Map of life expectancy at birth from Global Education Project.

Monday, June 04, 2007


NYT critic Edward Rothstein uses the hook of an exhibition on mythical creatures at the American Museum of Natural History, the opening of the Creation Museum, and the Broadway revival of Inherit the Wind to give us a fair and balanced discussion of evolution vs. creationism. Rothstein doesn't seem to have any opinion about who is correct. He just wants us all to get along:

The questioning of biblical truth, the museum suggests, leads to social and intellectual dissolution. The entire enterprise is fragile, vulnerable to skeptical pressure. That is because it is a faith, not a science.

Unfortunately some Darwinian theorists leave a similar impression about their own enterprise when they bristle at dissent or doubt. But the challenge made by faith to science should actually help science be less like faith, more prepared to scrutinize its own assumptions.

How then can these realms continue to coexist, as the world keeps showing us they will and must? It isn’t always easy to tell when bones are being put together properly and when are we forcing them in place to fit our visions of what the world should or could be.

There are no simple answers, which is why, despite its own simple answers, I liked going to the Creation Museum, if only to try to understand the nature of mythic creatures, even when they still walk the earth.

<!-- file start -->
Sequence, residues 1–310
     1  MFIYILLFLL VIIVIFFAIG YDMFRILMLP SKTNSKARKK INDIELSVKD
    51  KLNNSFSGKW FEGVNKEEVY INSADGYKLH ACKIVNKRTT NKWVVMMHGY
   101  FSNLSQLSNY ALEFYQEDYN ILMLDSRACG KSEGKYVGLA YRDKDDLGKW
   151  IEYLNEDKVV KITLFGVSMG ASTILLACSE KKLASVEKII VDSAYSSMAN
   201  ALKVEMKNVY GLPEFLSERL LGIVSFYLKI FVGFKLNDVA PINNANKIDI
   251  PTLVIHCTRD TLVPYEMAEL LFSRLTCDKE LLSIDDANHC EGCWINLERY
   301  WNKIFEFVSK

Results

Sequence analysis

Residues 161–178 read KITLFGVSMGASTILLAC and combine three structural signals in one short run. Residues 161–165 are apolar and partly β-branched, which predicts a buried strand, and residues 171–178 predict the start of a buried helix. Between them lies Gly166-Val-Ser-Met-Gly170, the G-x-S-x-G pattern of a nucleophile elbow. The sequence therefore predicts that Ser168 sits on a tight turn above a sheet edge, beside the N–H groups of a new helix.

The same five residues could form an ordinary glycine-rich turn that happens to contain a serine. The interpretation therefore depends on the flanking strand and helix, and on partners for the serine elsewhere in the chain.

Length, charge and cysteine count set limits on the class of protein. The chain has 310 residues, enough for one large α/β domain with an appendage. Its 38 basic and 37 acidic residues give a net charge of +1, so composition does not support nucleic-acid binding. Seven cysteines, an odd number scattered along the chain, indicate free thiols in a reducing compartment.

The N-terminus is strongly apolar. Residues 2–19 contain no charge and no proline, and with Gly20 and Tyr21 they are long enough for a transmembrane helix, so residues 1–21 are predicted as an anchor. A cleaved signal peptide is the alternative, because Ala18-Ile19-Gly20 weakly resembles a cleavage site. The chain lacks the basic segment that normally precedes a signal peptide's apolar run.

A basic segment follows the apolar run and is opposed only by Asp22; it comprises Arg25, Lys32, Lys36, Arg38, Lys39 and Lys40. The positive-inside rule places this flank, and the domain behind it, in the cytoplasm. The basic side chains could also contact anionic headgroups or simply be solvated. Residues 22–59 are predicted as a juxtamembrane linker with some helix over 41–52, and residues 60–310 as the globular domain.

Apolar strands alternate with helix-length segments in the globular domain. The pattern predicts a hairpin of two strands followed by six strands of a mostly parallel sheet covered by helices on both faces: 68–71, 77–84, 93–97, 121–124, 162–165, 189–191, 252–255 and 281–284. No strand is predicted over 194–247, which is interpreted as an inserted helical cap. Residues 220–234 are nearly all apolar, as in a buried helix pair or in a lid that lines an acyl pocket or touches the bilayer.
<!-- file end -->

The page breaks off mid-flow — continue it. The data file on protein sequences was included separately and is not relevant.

Sigh. Rothstein, like the majority of people who have been writing about this subject lately, fundamentally misunderstands the nature of science. It is the essence of science that it scrutinizes its own assumptions. Science does not need the ostensible "challenge" from faith to start doing that. Darwinian scientists do not bristle at dissent or doubt, but many of them do bristle at idiocy. The Creation Museum and so-called creation science do not constitute dissent, because they operate entirely outside the framework of reason, and they most certainly do not constitute doubt, because they have none.

Rothstein advocates what is supposed to be the sensible, serious position, that faith and reason will always have to coexist, there is no way to choose between them,it all just depends on which explanatory framework you prefer -- "It isn’t always easy to tell when bones are being put together properly and when are we forcing them in place to fit our visions of what the world should or could be."

Scientists do not force fossil bones in place in order to fit a preconceived vision of what the world ought to be. That is precisely the sort of thing that creationists say, and it is nothing but a slander. Scientists have in fact made mistakes in assembling fossils, and put the wrong heads on dinosaur bodies and so on. But they have corrected these mistakes when better evidence came along.

The reason scientists believe in the antiquity of the earth and the broad outline of evolutionary succession is not because they started out with that story and fit the fossils into it, but because the story revealed itself in the careful fitting together of evidence from many different sources: geologic layering and the distribution of fossils within it, ice cores, radioactive decay, the distribution of species on archipelagoes (among the most compelling kinds of evidence for evolution, by the way, and therefore entirely ignored by creationists), the observation of evolution in historic time, even astronomical observations that place the origin and evolution of the earth in the universal context.

Along the voyage of discovery, we have frequently been surprised, even shocked, by new findings. Old ideas have been overturned. Now we are pretty sure that the dinosaurs are not extinct after all, they are sitting in the trees and singing. That's a whole lot more wonderful than Noah's flood -- but maybe, just maybe, it isn't true after all. And it's okay either way.

No comments: